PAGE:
The paper trail of the Texas Tech case in part suggests that the TTU brass felt Mike Leach overvalued himself, and they threw around at least one name for a replacement (Art Bryles), actively sought a chance to boot Leach and when the Adam James complaint surfaced they ran with it.*
This brings to mind other programs who were unhappy with their coach not for team success but for some facet of his personality and marketability, or an idea that "they could do better," usually that they wanted more than second-place finishes. Boosters and/or administrators have structured the firing of innumerable coaches on this basis; in many, many cases, their hubris is rewarded with all-out failure due to not respecting what it takes to build a program, not appreciating their success or falling for a confident smooth talker without really investigating what he was about.
I can think of several examples:
-UCLA fired Bob Toledo in 2002 (didn't even let him coach his bowl game). Bob led a 20-game winning streak in 1997-1998, but UCLA was never the same program without QB Cade McNown. However, they hired an incompetent mediocrity in Karl Dorrell, whose career was marked by inconsistency, quarterback injuries, foolish public statements and one win over USC. They canned him after years of angst and got Dorrell's mentor in Rick Neuheisel, one of the great charlatans of modern college football.
-Notre Dame fired Tyrone Willingham. They went for the un-Tyrone, an ND alum with an outsized ego (see what I did there) who would talk trash and call out the opponent. I don't even have to give the punchline to this one.
-After TW left Stanford for Notre Dame, Stanford intentionally low-balled itself in both budget and personnel - arguing that big-time football was incompatible with the university's image. Stanford hired two head coaches because they were buddies with the AD, one incompetent and the other an a-hole who was intimidated by the players' intelligence and tried to "break" them because of it (this is factual).
Now Jim Harbaugh is there, talking about making Stanford a top-ten program, and is assisted by an AD and an admissions department who are committed to having a successful, top football program without compromising the university's integrity.
-Minnesota, a death valley of football for two decades, canned Glenn Mason after his 85th meltdown loss, this one against Texas Tech (some might say this was ironic, but I think it's just a coincidence. Doncha think?) Word was they wanted to do better than 7-5/8-4, and that Glenn didn't get along with Minnesota high school coaches. They hired motivational speaker Tim Brewster who has, to put it one way, not done anything Glenn Mason didn't already do and had a 1-11 season to boot.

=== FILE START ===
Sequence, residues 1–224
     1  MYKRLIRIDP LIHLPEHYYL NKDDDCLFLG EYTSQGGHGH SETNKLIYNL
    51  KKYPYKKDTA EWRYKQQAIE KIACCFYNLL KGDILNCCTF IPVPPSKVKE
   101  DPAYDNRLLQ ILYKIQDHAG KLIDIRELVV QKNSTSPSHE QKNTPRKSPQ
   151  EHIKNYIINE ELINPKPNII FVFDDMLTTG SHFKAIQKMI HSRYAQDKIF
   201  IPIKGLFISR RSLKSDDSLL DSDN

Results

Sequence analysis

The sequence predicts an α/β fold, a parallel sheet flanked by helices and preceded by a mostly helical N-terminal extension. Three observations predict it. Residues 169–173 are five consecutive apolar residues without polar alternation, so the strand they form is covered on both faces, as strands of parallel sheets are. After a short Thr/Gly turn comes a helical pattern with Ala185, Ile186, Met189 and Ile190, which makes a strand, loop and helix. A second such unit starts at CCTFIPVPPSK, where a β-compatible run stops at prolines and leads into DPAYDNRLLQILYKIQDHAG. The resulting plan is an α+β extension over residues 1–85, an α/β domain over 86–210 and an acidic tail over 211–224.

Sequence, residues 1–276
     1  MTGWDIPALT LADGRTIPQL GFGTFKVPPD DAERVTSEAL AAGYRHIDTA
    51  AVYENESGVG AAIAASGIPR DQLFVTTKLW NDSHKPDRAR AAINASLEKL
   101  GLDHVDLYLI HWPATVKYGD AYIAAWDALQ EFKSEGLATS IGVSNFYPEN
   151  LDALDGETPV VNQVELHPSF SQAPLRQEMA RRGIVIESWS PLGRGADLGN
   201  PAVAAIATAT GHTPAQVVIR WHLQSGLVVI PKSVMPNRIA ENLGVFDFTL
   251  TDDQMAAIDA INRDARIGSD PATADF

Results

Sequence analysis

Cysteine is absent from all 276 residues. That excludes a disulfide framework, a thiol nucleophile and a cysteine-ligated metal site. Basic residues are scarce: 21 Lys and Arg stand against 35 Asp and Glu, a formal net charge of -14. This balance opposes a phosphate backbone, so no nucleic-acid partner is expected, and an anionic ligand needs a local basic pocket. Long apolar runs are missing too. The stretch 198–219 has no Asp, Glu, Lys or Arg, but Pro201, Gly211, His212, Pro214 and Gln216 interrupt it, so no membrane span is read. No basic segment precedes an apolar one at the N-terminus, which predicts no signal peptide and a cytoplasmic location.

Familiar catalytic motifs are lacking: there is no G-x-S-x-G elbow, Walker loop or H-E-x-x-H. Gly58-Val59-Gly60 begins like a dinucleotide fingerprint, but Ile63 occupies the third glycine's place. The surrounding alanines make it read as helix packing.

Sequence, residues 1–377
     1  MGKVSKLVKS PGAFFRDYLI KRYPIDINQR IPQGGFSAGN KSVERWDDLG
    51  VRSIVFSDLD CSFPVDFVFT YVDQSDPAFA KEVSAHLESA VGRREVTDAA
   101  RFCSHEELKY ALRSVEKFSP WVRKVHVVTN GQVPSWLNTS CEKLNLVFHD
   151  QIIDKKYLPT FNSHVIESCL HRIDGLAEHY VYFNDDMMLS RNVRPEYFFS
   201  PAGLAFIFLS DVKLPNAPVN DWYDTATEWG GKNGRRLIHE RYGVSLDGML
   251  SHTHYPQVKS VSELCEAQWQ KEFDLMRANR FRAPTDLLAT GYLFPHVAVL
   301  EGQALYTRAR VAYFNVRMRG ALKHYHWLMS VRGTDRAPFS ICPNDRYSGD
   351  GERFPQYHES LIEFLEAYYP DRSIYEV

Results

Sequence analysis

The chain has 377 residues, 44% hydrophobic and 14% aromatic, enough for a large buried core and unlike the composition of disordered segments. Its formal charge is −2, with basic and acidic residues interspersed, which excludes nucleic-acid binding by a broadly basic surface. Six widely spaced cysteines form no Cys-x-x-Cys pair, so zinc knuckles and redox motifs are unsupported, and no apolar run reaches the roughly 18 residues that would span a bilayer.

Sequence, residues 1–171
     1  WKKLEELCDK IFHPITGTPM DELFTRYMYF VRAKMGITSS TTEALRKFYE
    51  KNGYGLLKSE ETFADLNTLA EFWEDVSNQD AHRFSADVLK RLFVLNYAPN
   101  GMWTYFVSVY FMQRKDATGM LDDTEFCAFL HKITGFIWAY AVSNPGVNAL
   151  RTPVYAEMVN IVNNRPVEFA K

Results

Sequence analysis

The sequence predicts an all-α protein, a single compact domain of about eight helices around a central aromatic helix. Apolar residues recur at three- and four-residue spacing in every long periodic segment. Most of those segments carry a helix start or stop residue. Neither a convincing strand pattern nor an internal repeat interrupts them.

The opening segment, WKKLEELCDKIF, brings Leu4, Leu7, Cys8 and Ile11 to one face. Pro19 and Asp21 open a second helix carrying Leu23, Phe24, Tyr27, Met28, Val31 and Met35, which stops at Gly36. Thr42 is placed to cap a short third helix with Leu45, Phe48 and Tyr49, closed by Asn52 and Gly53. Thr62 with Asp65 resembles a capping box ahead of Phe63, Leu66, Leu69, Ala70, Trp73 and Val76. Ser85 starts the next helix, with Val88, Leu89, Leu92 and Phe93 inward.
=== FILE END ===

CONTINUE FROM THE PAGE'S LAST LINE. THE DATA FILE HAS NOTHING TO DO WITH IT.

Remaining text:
-Nebraska fired Frank Solich after a 9-3 season, in what was really a revenge move from the previous 7-7 year. They started reading the papers and came to believe they weren't cool enough because they ran a "dinosaur offense." Frank was in the tough position of succeeding a legend, which made it a case of wanting to go back in time rather than forward, but they hired Bill Callahan who was a huge break in tradition. His efforts to both install a "modern" offense and inspire his players were doomed from the start due to personnel holes and the fact he was just fired from a pro team for losing control of his team.
Now NU is back to a tough-first coach and appears to be on a serious rise in a weak conference division. Funny how Nebraska's staple of option football is now mainstream again in college football, adjusted to spread systems and with a bit more passing.
-Not fired yet, but Cal fans have been complaining for years about Jeff Tedford. He took a 1-11 team to 7 wins in his first season and has made the Bears a but even in 2006 they were saying he had peaked as a coach and they needed someone new to "take them to the next level." Like Mason's teams, Cal tends to be front-runners that fade late in the season, contributing to the off-season griping.
-The only case I can think of where this plan worked was Ohio State firing John Cooper - and the real reason behind that was innumerable losses to Michigan. It pains me to say they got what they wanted.
I've seen this stuff happen innumerable times in high school programs as well. Also to arrogant people who dump their significant others because they think they can get someone who's younger or hotter or has better body parts or a fatter wallet. It's just a bad idea to play on the assumption that you are better than what you are getting, and that simply changing the coach is going to fix it.
*(Aside: there is also the chance they were uncomfortable with the success and publicity of the football program, and actually wanted to get a coach who would be comfortable with a program "glass ceiling". Academics can be very touch and go when it comes to sports publicity. A significant portion of the Duke faculty hated the lacrosse team because they represented money, alpha-males and extracurricular pursuits, and when the totally bogus rape allegations were laid they leveraged them to the hilt even after they were disproven.)